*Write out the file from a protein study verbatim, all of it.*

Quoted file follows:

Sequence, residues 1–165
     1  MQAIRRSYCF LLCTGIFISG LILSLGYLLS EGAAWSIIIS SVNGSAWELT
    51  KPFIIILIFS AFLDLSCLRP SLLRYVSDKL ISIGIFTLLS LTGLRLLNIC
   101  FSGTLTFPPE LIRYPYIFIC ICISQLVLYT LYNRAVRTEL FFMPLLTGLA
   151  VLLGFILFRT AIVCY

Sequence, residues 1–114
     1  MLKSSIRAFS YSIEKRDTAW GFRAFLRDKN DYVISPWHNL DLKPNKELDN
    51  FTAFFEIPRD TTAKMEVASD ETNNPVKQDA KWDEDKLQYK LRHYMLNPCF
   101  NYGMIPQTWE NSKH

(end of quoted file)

Sequence, residues 1–165
     1  MQAIRRSYCF LLCTGIFISG LILSLGYLLS EGAAWSIIIS SVNGSAWELT
    51  KPFIIILIFS AFLDLSCLRP SLLRYVSDKL ISIGIFTLLS LTGLRLLNIC
   101  FSGTLTFPPE LIRYPYIFIC ICISQLVLYT LYNRAVRTEL FFMPLLTGLA
   151  VLLGFILFRT AIVCY

Sequence, residues 1–114
     1  MLKSSIRAFS YSIEKRDTAW GFRAFLRDKN DYVISPWHNL DLKPNKELDN
    51  FTAFFEIPRD TTAKMEVASD ETNNPVKQDA KWDEDKLQYK LRHYMLNPCF
   101  NYGMIPQTWE NSKH